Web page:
New MRI Technique Provides Whole-body Analyses in FSHD Trial

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by Forest Ray PhD |

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AMRA Medical’s new MRI method was found to play an instrumental role in detecting changes in disease progression among individuals with facioscapulohumeral muscular dystrophy (FSHD) in a recently completed clinical trial, according to the company.

The new MRI technique, introduced in the Phase 2b ReDUX4 study, provides whole-body analyses of muscle health.

The ReDUX4 trial (NCT04003974) did not meet its main goal of detecting changes in DUX4-driven gene activity in affected muscles following treatment with losmapimod, an experimental oral therapy.

However, the MRI results showed beneficial changes in fat infiltration into skeletal muscle, which is associated with slower disease progression.

“We are thrilled about the ReDUX4 results,” Eric Converse, CEO of AMRA Medical, said in a press release.

“Not only do they propel a potential treatment forward for patients with FSHD, but the reduction in muscle fat infiltration and correlating benefit with several other measures reflects the power of our MRI-based muscle assessment methods in neuromuscular disease clinical trials,” Converse said.

The new imaging method is designed to measure treatment efficacy, as well as disease severity and progression in muscle-related disorders.

According to AMRA, this technique can potentially detect changes in muscle health before a patient begins to experience functional difficulties.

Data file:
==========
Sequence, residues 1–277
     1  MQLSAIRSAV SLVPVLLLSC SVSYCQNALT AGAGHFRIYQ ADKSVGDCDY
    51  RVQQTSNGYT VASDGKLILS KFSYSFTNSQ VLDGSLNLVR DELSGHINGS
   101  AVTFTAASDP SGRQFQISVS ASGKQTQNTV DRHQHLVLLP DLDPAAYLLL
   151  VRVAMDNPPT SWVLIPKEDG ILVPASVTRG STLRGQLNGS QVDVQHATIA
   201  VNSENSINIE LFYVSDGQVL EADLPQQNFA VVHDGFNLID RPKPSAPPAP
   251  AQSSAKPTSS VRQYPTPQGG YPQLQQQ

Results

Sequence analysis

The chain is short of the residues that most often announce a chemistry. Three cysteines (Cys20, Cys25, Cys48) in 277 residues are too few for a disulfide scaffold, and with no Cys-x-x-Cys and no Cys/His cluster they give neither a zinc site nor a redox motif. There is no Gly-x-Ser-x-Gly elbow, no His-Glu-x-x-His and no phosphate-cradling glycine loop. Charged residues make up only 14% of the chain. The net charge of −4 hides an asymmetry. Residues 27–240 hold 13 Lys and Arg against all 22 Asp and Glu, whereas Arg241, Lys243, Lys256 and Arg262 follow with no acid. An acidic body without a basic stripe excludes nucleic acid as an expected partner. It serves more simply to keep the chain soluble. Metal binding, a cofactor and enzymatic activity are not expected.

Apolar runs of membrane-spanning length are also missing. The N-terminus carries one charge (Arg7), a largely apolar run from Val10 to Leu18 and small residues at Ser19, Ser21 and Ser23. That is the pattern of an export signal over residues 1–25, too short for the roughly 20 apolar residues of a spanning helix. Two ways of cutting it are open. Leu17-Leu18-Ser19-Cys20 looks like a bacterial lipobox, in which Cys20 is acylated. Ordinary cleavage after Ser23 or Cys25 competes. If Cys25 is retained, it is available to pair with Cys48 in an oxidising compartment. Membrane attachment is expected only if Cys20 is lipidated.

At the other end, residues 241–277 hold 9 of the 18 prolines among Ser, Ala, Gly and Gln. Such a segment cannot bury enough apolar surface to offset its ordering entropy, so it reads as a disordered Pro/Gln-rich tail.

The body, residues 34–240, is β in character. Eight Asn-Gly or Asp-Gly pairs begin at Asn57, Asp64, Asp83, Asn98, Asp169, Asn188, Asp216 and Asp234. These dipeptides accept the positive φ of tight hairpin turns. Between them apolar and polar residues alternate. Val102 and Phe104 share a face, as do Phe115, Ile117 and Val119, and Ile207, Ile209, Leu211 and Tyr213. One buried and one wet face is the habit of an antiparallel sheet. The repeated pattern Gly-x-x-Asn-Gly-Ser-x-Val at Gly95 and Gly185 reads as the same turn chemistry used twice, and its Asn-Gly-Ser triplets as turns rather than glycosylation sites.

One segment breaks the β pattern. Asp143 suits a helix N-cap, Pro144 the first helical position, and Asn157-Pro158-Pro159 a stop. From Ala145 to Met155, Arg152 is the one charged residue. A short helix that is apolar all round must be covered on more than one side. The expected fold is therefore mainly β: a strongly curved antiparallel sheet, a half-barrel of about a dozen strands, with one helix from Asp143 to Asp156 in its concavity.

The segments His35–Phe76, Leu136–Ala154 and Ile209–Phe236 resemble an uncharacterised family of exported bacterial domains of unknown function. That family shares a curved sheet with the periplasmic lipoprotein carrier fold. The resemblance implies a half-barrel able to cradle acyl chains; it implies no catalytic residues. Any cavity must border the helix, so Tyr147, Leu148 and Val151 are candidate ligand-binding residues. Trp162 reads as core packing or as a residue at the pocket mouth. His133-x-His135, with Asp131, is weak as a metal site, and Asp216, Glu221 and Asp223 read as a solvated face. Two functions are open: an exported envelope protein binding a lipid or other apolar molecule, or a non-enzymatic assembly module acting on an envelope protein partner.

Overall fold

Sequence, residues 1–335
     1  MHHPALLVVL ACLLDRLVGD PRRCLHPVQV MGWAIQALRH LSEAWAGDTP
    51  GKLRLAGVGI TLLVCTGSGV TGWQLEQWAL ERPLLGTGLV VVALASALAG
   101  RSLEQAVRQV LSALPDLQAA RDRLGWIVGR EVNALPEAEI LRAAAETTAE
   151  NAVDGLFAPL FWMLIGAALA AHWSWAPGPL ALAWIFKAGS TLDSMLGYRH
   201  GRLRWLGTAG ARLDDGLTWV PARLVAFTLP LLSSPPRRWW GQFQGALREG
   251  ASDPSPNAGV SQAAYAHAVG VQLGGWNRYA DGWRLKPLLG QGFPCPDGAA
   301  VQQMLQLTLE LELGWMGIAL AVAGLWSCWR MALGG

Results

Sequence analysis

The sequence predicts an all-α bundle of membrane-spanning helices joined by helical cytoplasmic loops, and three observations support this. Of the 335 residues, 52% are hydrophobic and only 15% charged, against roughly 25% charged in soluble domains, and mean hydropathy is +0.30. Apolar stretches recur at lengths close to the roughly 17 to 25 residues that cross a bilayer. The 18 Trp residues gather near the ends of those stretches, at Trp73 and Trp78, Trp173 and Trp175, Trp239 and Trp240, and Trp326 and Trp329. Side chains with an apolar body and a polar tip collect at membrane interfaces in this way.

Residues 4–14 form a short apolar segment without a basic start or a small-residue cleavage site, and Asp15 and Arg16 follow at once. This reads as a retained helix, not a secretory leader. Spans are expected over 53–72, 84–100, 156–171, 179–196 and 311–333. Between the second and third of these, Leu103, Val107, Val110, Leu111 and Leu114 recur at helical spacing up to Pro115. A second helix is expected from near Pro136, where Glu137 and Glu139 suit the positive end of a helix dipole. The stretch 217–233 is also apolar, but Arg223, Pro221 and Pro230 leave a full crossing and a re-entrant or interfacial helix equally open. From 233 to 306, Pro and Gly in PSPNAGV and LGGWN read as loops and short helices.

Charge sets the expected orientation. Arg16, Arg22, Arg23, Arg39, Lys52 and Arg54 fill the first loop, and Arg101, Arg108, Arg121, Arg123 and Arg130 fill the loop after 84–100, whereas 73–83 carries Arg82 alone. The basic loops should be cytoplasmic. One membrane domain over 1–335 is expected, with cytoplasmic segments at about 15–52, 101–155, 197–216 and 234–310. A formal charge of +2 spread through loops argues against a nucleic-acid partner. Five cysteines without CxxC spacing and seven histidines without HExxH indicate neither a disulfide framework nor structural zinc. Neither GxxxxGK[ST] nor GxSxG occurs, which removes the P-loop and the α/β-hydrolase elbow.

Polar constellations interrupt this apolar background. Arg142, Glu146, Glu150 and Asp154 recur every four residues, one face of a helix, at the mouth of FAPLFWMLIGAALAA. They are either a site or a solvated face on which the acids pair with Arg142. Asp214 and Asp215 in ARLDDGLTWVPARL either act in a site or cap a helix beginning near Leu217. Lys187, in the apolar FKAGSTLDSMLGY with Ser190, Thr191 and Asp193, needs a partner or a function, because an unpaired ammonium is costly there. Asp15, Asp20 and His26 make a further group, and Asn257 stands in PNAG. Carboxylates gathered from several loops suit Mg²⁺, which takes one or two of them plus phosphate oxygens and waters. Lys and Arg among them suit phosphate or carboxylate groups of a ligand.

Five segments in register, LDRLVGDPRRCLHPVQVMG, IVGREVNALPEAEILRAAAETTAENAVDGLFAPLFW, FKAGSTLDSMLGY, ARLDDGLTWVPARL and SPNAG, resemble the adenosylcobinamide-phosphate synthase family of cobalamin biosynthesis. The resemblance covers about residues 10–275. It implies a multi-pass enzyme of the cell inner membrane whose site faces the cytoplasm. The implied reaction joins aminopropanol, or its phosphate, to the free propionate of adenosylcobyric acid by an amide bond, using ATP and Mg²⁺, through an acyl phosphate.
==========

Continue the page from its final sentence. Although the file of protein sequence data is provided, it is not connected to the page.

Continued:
It also can help investigators better analyze disease heterogeneity — the ways in which a disorder varies between individuals. Understanding these variations has been a long-term challenge in neuromuscular disease research.

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Magnetic Resonance Imaging (MRI)

The ReDUX4 trial compared losmapimod’s safety and efficacy with a placebo among 80 adults with FSHD, a muscle-wasting disease that first affects the face, shoulders, and upper arms. The participants received 15 mg of losmapimod or a placebo twice daily for 48 weeks (close to a year).

Losmapimod is designed to limit muscle degeneration and fat infiltration into muscles. It is intended to reduce the amount of active DUX4 — the mutated gene that accounts for over 90% of FSHD cases — by blocking the activity of the p38 alpha and p38 beta proteins.

The investigators were unable to conclusively show differences in DUX4-driven gene activity in the trial. Fulcrum Therapeutics, losmapimod’s developer, suggested that this was due to several factors, including a thousandfold variation in DUX4 expression (activity) among biopsy samples and imprecise needle biopsies — a method for taking tissue samples — at several trial sites.

Participants did, however, improve their reachable workspace, a measure of upper limb function, and show reduced disease progression due to less fat infiltration. Using the self-reported Patient Global Impression of Change assessment, the participants also noted improvements in how they generally felt and functioned.

Regardless of this trial’s outcome, Converse said he expects his company’s new technology to contribute to further advances in treating neuromuscular disorders.

“We are excited to bring these benefits to other teams to help them push their research forward and address the needs of these devastating diseases,” he said.